He tells me, “There’s going to be a lot of math to count all my money. But first I need some money to buy supplies. Can I match socks or something for money?”

Of course, Sam isn’t the only one thinking about summer. I’ve noticed social media is all aflutter with posts like, “How to beat boredom with these easy, low-cost ideas,” which touts ideas that, in fact, don’t appear to be either easy or cheap.

You know what’s actually easy and cheap? The library. Local parks. The backyard. A picnic.

Kids don’t need gourmet sandwiches, right? Anyone who has ever prepared an elaborate spread only to be met with a tearful, “But I wanted peanut butter,” knows what I’m talking about.

You know what bugs me the moYou say bored like it’s a bad thingst about all this advice to help parents “beat boredom?”

First, I think it’s twisted to tell parents they need to find ways to fill all the moments of a day now unoccupied by school. That’s just crazy.

Second, I can assure you that my mom didn’t worry about this kind of thing. Not. Ever. This whole movement to keep kids occupied and engaged all the time seems to be a modern “problem,” and I’m not a fan.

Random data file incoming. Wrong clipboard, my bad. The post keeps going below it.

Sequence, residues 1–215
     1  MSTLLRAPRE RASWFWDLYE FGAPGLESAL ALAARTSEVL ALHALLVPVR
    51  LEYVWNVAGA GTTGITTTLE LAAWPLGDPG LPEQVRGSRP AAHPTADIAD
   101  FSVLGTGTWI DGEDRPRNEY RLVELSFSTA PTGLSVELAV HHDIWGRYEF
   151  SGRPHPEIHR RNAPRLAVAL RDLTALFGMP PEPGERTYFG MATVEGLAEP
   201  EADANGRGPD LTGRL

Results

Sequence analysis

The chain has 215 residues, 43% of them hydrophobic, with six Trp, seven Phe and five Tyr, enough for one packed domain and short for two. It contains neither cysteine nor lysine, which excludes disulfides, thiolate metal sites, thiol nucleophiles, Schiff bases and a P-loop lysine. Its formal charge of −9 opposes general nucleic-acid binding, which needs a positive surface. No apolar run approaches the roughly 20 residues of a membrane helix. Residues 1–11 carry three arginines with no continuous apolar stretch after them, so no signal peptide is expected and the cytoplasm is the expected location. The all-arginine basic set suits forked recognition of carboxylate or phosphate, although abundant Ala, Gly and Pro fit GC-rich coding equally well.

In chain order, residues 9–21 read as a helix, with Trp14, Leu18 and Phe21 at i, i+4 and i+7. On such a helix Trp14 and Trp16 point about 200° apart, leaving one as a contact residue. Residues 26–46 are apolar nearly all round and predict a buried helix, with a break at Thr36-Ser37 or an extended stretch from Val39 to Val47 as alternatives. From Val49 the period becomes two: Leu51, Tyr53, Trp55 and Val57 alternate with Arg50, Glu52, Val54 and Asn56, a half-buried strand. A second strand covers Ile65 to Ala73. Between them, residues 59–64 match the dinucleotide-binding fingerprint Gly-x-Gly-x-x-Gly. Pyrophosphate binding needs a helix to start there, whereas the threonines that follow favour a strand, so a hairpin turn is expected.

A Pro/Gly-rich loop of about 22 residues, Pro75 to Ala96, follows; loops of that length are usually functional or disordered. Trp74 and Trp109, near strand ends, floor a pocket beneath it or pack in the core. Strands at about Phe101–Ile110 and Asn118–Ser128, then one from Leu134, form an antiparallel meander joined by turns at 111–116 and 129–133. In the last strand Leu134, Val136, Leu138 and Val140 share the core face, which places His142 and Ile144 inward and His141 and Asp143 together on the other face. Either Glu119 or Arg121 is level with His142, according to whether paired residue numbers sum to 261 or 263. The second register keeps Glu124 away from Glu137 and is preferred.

Third, it’s a lie. In truth, boredom is awesome.

There. I said it.

For those treating boredom as something to be cured, I beg to differ. Being bored is a luxury. Being bored is having long stretches of time with nothing to do but think, which leads to creativity.

Nobody in history has ever died of boredom.

Boredom leads to having ideas, both good and not so good ones. Boredom means time to try something new. Time to wonder. Time to stare out the window. Or, to count cracks in the ceiling, or blades of grass.

But to read some of these articles, you’d think parents everywhere should prepare to be doomed if they haven’t already scheduled every second of summer.

What am I going to do this summer? Um, laundry, maybe minus sorting socks. Supervising backyard play, from a distance. Like from inside the house, where I will be folding the aforementioned laundry. And going to the park. Also, the library. A lot. I’m also open to visiting most places with air-conditioning.